Perhaps only in overall serviceability the Onkyo is easier. The two big Aiwas of this era - F770 and F990 - are not easy decks to service at all.
  #52  
Old 10-12-2017, 02:00 PM
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ckouli ckouli is offline
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The XK-S7000 is an excellent machine. I would rate it up with the very best overall ever offered by Aiwa. The one area where I find the F770 and especially F990 can beat it is in recording accuracy, due to the elaborate auto-cal, but whatever difference may exist would be tiny, perhaps imperceptible. XK-007/S7000 are very similar machines except for Dolby S, the DAC, and the wooden base, primarily. In a like manner, XK-009/S9000 differ from each other mainly in the same ways.
I have done numerous comparisons between XK-007 and S9000 and XK-009, but never the S7000. All in stock form, in my case.
  #53  
Old 10-12-2017, 02:48 PM
jethrodumont jethrodumont is offline
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Thanks for the info, ckouli. So my next question would be, are any of these Aiwa's available for around $200-ish USD?
  #54  
Old 10-12-2017, 08:24 PM
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An AD-F770 maybe. However this deck was made from 1983 until about 1986, so it will need a mechanical overhaul. Belts, idler. Then, the power supply may require service. These decks are so crammed inside that insufficient heat sinking with heat shortens the life span is some parts.
An F990 will run more and the four XK- machines even more...
  #55  
Old 10-13-2017, 05:06 AM
Lapis Lapis is offline
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Quote:
Originally Posted by active View Post
Noticed Aiwa M800 has auto cal. With 4 point adjustment, bias, level, eqmid, eqhigh.
Plus bias fine manually, that is similar to nak 700zxl
Also the M-800 has 4 memory positions to store calibrations.
It is really a three point as it does have Bias, Level and Equalizer. Unfortunately not Azimuth.
  #56  
Old 10-13-2017, 08:04 AM
Homerlovesbeer Homerlovesbeer is offline
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Anybody in Australia service these AIWA's? My 990 has a broken belt and I'm sure needs a service.
  #57  
Old 10-13-2017, 08:08 AM
lucky lucky is offline
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As far as I remember my F990, it isn't a big thing to move the belts behind the capstan bearings (no DD). Keep in mind that all none DD's are sensitive for belt thickness.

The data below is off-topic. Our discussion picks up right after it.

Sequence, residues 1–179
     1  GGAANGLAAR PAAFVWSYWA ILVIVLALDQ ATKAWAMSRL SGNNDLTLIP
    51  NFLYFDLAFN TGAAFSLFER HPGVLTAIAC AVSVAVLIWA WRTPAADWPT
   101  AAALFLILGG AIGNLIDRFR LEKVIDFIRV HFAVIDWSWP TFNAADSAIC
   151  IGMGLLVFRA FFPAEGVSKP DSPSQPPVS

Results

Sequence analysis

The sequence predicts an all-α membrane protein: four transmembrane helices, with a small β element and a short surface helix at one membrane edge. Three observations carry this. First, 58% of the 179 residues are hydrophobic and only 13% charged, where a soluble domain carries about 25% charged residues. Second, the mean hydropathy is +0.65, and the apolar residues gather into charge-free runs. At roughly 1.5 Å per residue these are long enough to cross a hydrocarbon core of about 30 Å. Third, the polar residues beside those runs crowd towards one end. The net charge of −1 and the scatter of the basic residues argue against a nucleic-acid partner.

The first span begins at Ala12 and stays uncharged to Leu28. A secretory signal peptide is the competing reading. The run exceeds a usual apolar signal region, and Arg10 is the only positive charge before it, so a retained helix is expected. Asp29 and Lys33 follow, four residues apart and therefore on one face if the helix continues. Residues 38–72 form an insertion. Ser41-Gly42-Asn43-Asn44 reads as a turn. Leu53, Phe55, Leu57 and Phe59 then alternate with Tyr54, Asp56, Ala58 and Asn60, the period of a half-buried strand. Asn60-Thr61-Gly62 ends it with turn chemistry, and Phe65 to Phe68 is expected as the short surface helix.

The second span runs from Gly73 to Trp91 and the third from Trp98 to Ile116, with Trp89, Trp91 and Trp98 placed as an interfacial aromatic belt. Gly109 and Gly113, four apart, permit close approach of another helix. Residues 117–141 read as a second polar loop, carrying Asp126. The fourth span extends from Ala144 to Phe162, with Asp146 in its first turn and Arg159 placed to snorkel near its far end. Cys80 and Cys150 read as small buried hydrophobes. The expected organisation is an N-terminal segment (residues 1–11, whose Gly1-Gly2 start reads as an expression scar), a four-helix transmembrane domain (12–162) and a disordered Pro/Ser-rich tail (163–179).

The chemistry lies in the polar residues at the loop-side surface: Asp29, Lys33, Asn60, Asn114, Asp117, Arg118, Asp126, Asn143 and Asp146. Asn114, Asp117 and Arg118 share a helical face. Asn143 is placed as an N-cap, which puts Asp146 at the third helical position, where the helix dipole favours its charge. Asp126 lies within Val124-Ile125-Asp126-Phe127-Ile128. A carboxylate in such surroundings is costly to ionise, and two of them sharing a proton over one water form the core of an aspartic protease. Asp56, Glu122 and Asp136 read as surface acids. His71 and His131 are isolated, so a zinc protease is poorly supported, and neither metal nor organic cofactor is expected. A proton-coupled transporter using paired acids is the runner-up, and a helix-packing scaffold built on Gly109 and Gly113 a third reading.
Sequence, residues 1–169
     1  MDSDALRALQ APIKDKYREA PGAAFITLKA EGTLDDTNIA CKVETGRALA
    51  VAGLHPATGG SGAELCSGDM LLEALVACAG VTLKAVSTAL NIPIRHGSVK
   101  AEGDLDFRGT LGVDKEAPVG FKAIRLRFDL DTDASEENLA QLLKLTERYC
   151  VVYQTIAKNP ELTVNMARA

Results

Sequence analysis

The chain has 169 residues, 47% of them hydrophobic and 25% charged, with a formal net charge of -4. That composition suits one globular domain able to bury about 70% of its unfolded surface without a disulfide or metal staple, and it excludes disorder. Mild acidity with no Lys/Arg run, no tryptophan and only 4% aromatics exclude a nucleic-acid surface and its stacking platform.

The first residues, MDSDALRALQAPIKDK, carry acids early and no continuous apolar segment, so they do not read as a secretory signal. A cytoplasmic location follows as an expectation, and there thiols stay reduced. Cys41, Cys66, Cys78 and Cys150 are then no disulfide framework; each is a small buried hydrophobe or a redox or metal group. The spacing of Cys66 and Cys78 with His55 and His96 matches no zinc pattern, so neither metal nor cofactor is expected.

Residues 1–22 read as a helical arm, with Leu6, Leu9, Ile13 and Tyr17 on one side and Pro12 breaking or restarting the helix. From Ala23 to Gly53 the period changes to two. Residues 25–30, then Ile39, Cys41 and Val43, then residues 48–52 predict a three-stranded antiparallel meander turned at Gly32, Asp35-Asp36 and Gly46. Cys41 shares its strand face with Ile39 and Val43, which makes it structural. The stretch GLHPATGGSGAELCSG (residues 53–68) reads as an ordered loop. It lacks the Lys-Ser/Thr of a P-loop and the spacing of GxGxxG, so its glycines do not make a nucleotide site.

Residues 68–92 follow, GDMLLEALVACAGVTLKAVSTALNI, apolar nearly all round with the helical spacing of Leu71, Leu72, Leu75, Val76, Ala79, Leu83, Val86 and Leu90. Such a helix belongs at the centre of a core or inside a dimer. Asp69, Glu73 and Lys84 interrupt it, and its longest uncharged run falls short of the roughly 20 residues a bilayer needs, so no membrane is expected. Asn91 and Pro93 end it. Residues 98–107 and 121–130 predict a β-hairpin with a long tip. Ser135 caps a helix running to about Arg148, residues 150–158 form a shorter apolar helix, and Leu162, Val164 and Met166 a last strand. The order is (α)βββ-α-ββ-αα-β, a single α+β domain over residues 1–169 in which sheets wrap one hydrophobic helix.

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Last edited by lucky; 10-13-2017 at 08:13 AM.
  #58  
Old 10-13-2017, 12:27 PM
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clamsterdamm clamsterdamm is offline
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[QUOTE=ckouli;710370]A Sony TC-K890ES will be easily beaten in every department by an F770/F990. Believe me, I used to sell Sony ES! They are very well built machines, but sonically inferior in both playback and recording.

^ Can you please elaborate on what you mean? What makes the 890ES not sound good? I started a thread asking "Do Sony Decks Sound Bad?" Many people answered that thread stating they sound good.

Last edited by clamsterdamm; 10-13-2017 at 12:29 PM.
  #59  
Old 10-13-2017, 02:29 PM
jethrodumont jethrodumont is offline
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Quote:
Originally Posted by ckouli View Post
An AD-F770 maybe. However this deck was made from 1983 until about 1986, so it will need a mechanical overhaul. Belts, idler. Then, the power supply may require service. These decks are so crammed inside that insufficient heat sinking with heat shortens the life span is some parts.
An F990 will run more and the four XK- machines even more...
Ah. Out of my price range to do all that right now, but maybe in the future. I had to jump on the TA-2058 because I was in a hurry and needed a deck to record a batch of newly ordered tapes with. Good info though.

- J
  #60  
Old 10-13-2017, 03:24 PM
Deano Deano is offline
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I think it's worth mentioning I found a potential flaw or weakness IMHO with the Aiwa DATA system. If you intend on using it with TRUE chrome tapes forget it. It flat out refuses to calibrate them to any degree. To some this may not be an issue but I'm siting on a stock pile of both CE and CS Basf tapes which I enjoy very much and am not able to use them on the 770 which is a shame because I'm sure they would really sing on this deck.

I guess I'll keep using them with my Teac V900 as it has no problem calibrating to them although the sensitivity is down about 2db which is fine because I don't use dolby period.